So If I Start Using Deliberate Practice, Will I Still Need A Teacher?
If you’re a beginner, or intermediate player the answer is yes. Having a teacher means you don’t have to re-invent the wheel. You can take your goals to a teacher and get his or her assistance in building your Deliberate Practice oriented Practice Schedule.
If you are a more advanced player you should still use Deliberate Practice. But there’s a fair chance that you’ll be able to build a practice schedule without a teacher’s help.
How Will I Know I’m Getting Better?
One of the Principles of Deliberate Practice is making everything that’s part of your practice routine measurable. By keeping a detailed practice journal (whether real or virtual) you’ll be able to measure your progress merely by glancing at your journal. You’ll be able to see that you’re playing exercises and bass lines at tempos NOW that were difficult or impossible only a few weeks previously.
By making EVERYTHING measurable you really will be able to see this constant and consistent improvement. Though please note, it doesn’t happen overnight. But over time you will see a clear improvement in your ability levels.
Why Deliberate Practice Is Important
Few of us get the opportunity to go and study the bass guitar at places like Berklee College of Music – whether it’s because of time, or money or location. So we have to teach ourselves – or find a good, local teacher. When I was in my mid 20s I had a burning desire to get better at the bass.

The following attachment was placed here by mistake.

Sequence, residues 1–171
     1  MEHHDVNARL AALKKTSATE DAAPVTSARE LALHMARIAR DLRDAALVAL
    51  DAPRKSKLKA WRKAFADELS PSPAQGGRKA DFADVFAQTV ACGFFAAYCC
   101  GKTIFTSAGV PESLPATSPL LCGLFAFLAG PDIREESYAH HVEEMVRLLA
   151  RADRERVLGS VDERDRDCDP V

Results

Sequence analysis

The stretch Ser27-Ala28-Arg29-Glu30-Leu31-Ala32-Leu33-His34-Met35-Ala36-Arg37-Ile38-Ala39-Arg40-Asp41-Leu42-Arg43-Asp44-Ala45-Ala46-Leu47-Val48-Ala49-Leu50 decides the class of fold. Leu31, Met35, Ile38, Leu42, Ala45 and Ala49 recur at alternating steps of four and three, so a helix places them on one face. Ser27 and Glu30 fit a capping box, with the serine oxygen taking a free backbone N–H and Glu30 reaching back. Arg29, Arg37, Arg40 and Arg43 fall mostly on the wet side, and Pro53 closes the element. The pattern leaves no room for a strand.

So I took lessons with one of the most renowned teachers in the UK at the time. And I practiced my butt off – 6 hour practice days sometimes. 8 hour practice days a few times. I even got dumped by one girlfriend because I wouldn’t go to a party with her because I was practicing.
And though I was getting fractionally better – the improvements in my playing just weren’t correlating to how much time (and money!) I was spending. I figured that if I kept at it it would click into place.
Only it never did. And with the benefit of hindsight I can tell you it was because the ‘course’ I was following was pretty random, and not designed using the principles of Deliberate Practice. And the new material and exercises presented to me were not challenging my playing, or taking me out of my Comfort Zone.
And eventually I got frustrated. And stopped taking lessons.
The Laws Of Physics
If I could send something back in time, the Deliberate Practice muli-media course that I’m working on would be it. I’d send it back to myself just before I started taking lessons with that guy – who I call the Arch Guru of Scales – and I’d give myself a precious gift. A gift of knowledge. Knowledge on how a practice schedule needs to be built so that you’re always improving.
The laws of physics dictate that I can’t send something back in time to myself. So all I can do is the next best thing – make sure I get this multi media course out there so all you bass playing guys and girls who want to get better can do. So that you’ll have a system that will help you get from Beginner to Intermediate. Or intermediate to advanced. Or wherever you want to go on your bass playing journey.
It’s the only system I’ve ever come across that allows you to do it. And that’s why it’s so important.